Attract Investors Using a Subscription Model

Would switching to a subscription model work for you? If yes, jump at the chance and do it right.

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By Peter Figueredo • Feb 2, 2016 Originally published Feb 2, 2016


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Assuring investors that your business model is viable is the hardest challenge that you'll face as an entrepreneur. Investors want proof you can deliver on your promises; and the option to switch to a subscription model will do more for you than just alleviate investors' concerns. It will also stabilize your revenue stream.

Related: Planning a Subscription Business? Here Are 3 Tips to Streamline Shipping

After all, revenue streams can be uncertain: When you build your retail business plan, you make assumptions about average order sizes and repeat purchases. Yet even your best guesses on future sales numbers can be uneducated.

That's why subscriptions work; they remove the uncertainty. Once you can project your number of new subscribers each month, you just have to estimate retention rates before presenting dependable revenue numbers that both you and your investors can trust. Investors love businesses with long-term customers, and the best way to demonstrate the viability of your business is a long list of happy subscribers.

Opportunity abounds.

The subscription space is ripe with opportunities and flush with models. Dollar Shave Club achieved rapid success by making a simple promise: to provide a high-quality product that would be delivered directly for a low price. It worked: The Club has been so successful that Gillette began a subscription service of its own, to compete.

Other companies, such as Graze, have created lunchbox or snacking services. The consumer, product and lifestyle categories all have a few players, but most of them are in the early stages, and they haven't yet established themselves as the premier option.

Everyone needs something, and everyone loves convenience. If you can provide a high-quality product and bring it to consumers while making their lives simpler, you have a viable idea.

Related: 10 Subscription Companies to Start Now

Subscriptions, relationships and how to get it right

When subscription services fail, it's usually because they don't develop relationships with their subscribers. It's one thing to get people in the door and signed up, but the next goal, which is harder, is to convince subscribers to upgrade subscription levels.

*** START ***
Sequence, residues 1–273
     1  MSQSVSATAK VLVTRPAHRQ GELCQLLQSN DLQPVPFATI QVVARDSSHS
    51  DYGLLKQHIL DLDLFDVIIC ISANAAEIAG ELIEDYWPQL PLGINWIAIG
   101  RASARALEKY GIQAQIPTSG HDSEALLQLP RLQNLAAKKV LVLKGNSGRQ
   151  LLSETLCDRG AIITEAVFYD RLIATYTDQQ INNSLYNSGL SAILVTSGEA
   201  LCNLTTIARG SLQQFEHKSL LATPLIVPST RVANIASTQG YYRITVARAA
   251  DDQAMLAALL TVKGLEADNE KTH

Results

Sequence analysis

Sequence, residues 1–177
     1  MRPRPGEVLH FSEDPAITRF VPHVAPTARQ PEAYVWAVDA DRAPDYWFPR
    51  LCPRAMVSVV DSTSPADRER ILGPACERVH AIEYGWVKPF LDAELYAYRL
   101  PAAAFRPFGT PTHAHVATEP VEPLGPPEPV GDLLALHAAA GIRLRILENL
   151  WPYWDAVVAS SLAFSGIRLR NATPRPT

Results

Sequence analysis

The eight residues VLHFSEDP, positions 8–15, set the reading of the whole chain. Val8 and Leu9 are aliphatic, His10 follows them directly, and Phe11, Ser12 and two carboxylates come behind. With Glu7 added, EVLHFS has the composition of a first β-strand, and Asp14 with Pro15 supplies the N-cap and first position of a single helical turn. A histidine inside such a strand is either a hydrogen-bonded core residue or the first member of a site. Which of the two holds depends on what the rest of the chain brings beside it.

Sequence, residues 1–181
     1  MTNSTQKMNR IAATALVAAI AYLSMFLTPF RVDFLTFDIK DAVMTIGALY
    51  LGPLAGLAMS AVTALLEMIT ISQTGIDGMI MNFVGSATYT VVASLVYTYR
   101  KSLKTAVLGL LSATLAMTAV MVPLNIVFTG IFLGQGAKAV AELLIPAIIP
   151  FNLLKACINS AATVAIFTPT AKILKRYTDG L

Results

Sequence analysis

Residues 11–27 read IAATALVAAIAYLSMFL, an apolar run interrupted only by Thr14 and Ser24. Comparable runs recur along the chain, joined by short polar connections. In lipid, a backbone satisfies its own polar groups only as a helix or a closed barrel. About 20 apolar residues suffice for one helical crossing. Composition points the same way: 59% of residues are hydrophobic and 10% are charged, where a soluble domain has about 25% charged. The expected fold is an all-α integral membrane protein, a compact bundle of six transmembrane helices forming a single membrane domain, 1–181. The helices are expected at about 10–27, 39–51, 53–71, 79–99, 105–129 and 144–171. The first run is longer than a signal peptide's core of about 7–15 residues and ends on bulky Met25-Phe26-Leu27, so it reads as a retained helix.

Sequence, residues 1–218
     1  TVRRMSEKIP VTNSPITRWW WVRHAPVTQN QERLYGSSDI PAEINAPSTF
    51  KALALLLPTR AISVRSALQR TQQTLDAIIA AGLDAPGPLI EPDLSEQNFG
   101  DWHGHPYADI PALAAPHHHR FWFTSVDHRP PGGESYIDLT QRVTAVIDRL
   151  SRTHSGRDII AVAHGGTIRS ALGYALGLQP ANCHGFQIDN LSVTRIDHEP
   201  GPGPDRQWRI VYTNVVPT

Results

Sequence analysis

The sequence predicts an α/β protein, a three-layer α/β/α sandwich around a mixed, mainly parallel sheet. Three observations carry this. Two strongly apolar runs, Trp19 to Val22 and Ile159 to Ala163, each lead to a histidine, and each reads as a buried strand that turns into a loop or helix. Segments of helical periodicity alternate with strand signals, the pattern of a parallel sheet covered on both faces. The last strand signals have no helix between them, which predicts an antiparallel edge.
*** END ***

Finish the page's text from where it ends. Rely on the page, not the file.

Creating better clients and brand ambassadors demands that these companies create relationship-centric content marketing and identify potential upsell strategies. Those talents mark the difference between the disruptive subscription services that succeed and the ones that fade away.

One of the best companies in the subscription space, Birchbox, continues to grow by focusing on customers and rewarding engagement. Getting that first "Subscribe!" click isn't enough. To establish continued success, you must incentivize upgrades and become not only customers' supplier, but also their trusted partner.

Because the subscription space can be so consistent -- and because so many opportunities remain within it -- make this option a prime consideration for your business. If you do decide to jump in, follow this advice:

Related: Why the Subscription Model for Ebooks Doesn't Work (at Least Not Yet)

1. Don't chase investments.

It seems counterintuitive, but chasing investments may prevent you from building a solid foundation. Decide how much growth you're comfortable handling, and use that knowledge to choose either minimal investment and slower growth, or maximum investment and explosive growth.

2. Get real consumer data.

You may love Picasso-themed wristwatches, but that doesn't mean other people would subscribe to a monthly wristwatch delivery service. Gather hard data about your target audience both qualitatively (consider focus groups) and quantitatively (consider third-party research). Ask questions that are relevant to your brand.

3. Know your enemy.

The subscription space isn't saturated, but it's not vacant, either. Identify the current players in your market. Then, emulate what they do well, and improve upon what they neglect. Netflix is a cliche example for all things subscription, but think about how hard it had to study Blockbuster to understand how to do things better.

4. Be great at something.

The most successful subscription services do one or two things extremely well and focus on those. SoulCycle, for example, didn't try to improve spinning classes, yoga, Pilates and Zumba. It stuck to cycling and perfected it.

5. Upsell, and reward loyalty.

Extend the length of subscriptions for a discount. Offer multiple tiers. Monetize product community. Birchbox users post videos reviewing their monthly deliveries and are often rewarded that move. Get people excited to talk about what you have to offer.

The subscription model is potentially lucrative, and the space is growing. Would switching to a subscription model work for your business? If the answer is yes, jump at the chance and do it right.

Related: Why You Should Use a Subscription Business Model

Peter Figueredo

Partner at House of Kaizen

As a partner at House of Kaizen, a company that provides end-to-end digital performance marketing services, Peter Figueredo focuses on strengthening relationships with clients and growing results for clients. Figueredo is head of client services, and his New York City-based team is responsible for client happiness and meeting client goals to achieve long-term engagements and organic growth. 

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